1930's:  radiation and laxatives
1950's:  antibiotics
1970's:  Retin A (tretinoin)
1980's:  Accutane (found to cause birth defects in pregnant women)
1990's:  laser therapy
2000's:  blue/red light therapy


October 17, 2012

School Visit at Big Stone School

Had a blast yesterday talking to the students at the Big Stone School in Big Stone City, South Dakota.  The sixth through eighth graders had a host of insightful comments on writing, art and medicine, even teaching me a thing or too!  Everyone was so warm and welcoming.  Thank you Big Stone School.

Carol's Quaint Quotes

From The Ladie's Home Journal, July 1897. “What Now?”

An intellectual ambition draws many a girl away from her true place in life, and makes her a cold, unloved, and unhelpful woman, instead of a joyous, affectionate and unselfish blessing to home and friends…..

October 14, 2012

TEEN LIFE WAY BACK WHEN: How Did Pant Legs Send a Message?

Look carefully at this picture. What is difference between the little boy at the top and his father and brother?  Give up?  The two older males are in long trousers; the little boy is in shorts.  Why?

Prior to about 1900, a rite of passage for boys was called “breeching”. As babies, both boys and girls wore dresses or smocks primarily for practical reasons such as toilet training.  The point at which a boy began to wear pants or breeches was an important milestone in his life.  It signaled that babyhood was over.  By the mid-nineteenth century, dresses gave way to shorts first, then to full length trousers. Indeed, in England and some other countries, many school uniforms mandated shorts for boys until ages 9 or 10.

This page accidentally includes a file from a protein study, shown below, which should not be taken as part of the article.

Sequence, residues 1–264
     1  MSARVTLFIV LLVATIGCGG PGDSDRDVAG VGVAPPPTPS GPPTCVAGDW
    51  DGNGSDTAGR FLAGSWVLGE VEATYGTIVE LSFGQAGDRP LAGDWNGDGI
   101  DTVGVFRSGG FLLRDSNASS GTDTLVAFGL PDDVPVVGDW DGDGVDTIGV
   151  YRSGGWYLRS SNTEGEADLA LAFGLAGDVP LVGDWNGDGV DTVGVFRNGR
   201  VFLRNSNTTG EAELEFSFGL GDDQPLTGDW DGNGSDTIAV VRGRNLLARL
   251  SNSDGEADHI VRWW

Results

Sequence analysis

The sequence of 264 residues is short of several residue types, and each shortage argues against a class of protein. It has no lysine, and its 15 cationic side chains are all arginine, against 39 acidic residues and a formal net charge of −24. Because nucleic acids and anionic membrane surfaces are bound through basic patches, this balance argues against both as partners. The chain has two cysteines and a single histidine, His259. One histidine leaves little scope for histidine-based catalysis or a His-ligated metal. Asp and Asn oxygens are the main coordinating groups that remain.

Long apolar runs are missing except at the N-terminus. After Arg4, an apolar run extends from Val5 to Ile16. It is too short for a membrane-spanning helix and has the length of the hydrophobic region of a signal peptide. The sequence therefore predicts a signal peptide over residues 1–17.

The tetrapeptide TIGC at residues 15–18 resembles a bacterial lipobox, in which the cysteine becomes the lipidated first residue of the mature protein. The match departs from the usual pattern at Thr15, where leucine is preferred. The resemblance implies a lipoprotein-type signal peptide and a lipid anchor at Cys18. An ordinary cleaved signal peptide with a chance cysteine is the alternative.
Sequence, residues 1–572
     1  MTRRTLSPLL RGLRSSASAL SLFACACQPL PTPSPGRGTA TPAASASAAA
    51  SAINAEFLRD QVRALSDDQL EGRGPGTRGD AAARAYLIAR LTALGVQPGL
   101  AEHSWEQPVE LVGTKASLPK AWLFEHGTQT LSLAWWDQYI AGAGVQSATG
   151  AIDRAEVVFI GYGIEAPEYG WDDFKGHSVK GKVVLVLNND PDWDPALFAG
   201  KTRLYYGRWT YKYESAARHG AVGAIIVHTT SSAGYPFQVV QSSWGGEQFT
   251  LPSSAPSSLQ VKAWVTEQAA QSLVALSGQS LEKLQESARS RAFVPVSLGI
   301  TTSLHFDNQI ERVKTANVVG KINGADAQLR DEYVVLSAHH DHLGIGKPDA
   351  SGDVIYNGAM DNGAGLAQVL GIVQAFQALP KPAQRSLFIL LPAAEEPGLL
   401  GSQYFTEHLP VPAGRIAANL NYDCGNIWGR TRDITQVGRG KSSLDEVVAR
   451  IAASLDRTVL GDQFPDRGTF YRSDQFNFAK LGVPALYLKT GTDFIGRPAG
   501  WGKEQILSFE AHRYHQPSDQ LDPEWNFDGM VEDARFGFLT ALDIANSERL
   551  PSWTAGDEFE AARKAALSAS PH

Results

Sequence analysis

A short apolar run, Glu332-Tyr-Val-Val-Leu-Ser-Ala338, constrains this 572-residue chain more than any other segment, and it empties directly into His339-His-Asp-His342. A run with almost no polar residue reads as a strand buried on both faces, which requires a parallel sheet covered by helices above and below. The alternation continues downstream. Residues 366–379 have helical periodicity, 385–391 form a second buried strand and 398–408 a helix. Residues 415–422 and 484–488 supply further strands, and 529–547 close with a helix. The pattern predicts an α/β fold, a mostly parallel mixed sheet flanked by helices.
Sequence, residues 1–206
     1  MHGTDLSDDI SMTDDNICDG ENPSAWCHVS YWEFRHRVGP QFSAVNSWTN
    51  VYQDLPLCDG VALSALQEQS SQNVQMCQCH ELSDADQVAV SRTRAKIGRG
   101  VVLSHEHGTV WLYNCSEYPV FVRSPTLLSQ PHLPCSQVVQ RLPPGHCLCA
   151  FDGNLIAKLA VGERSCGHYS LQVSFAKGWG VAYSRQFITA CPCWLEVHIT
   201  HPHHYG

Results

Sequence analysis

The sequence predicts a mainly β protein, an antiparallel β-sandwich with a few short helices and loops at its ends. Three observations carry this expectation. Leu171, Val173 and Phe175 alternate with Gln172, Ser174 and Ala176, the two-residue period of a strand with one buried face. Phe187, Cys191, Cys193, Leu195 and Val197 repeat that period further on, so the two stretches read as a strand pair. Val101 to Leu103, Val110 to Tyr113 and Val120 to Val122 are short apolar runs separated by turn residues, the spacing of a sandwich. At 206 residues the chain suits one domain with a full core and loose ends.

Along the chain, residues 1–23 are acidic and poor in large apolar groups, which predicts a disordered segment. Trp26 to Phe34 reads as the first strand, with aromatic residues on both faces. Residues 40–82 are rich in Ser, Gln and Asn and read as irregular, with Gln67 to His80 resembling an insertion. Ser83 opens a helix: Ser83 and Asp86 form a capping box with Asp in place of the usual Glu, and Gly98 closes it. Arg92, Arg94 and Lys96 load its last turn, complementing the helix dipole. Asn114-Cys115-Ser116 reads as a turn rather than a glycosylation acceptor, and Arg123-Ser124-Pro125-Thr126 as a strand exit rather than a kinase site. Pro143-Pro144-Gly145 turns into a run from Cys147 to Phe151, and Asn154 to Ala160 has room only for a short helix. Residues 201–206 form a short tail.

At what age did breeching occur?  This was somewhat arbitrary, varied by era and was mostly determined by the mother.  Usually breeching occurred by age seven. It was often marked by an elaborate ceremony with gifts of money for the newly breeched boy who looked forward to it with excitement.  It also marked the point at which fathers became more involved in the raising of their sons.  In working class families, it marked the beginning of working life.
Today, when a boy puts on a pair of shorts he is sending a different message: it’s hot outside!

For references or additional reading, click the Extras tab.


October 12, 2012

Medicine in the Nineteenth Century: Frostbite


Ice Mask, C.T. Madigan, Australasian Expedition 1911-1914 Photo by Frank Hurley
Every winter here in the Midwest, some unfortunate person is trapped in their car during a blizzard, leaves the car and tries to walk to safety.  When I was in medical school, I saw just such a patient who sustained severe frostbite on his hands and feet.  Not a pretty sight.

In the nineteenth century, frostbite treatment consisted of rubbing the affected area with snow. This is largely the result of Baron Larrey, surgeon-in-chief of Napoleon’s army during the invasion of Russia in the winter of 1812-1813.  He advocated friction massage with ice or snow and the avoidance of heat in thawing.  This was the treatment of frostbite until well into the 1950’s.
Turns out the Baron got it all wrong.  In 1956, Merryman, a public service medical officer in Alaska disproved this treatment. Today we know that the treatment of frostbite starts with gradually thawing frostbitten extremities in warm water and other areas in a warm blanket.  Rubbing snow or anything else on the affected area only causes further damage.

Today, there is still the entrenched belief that if you think you have frostbite, rub it with snow.  Don’t do it.  And, if you are trapped in your car during a blizzard, stay put.  Not only will you be better protected from the cold, but you will be easier to find once help arrives.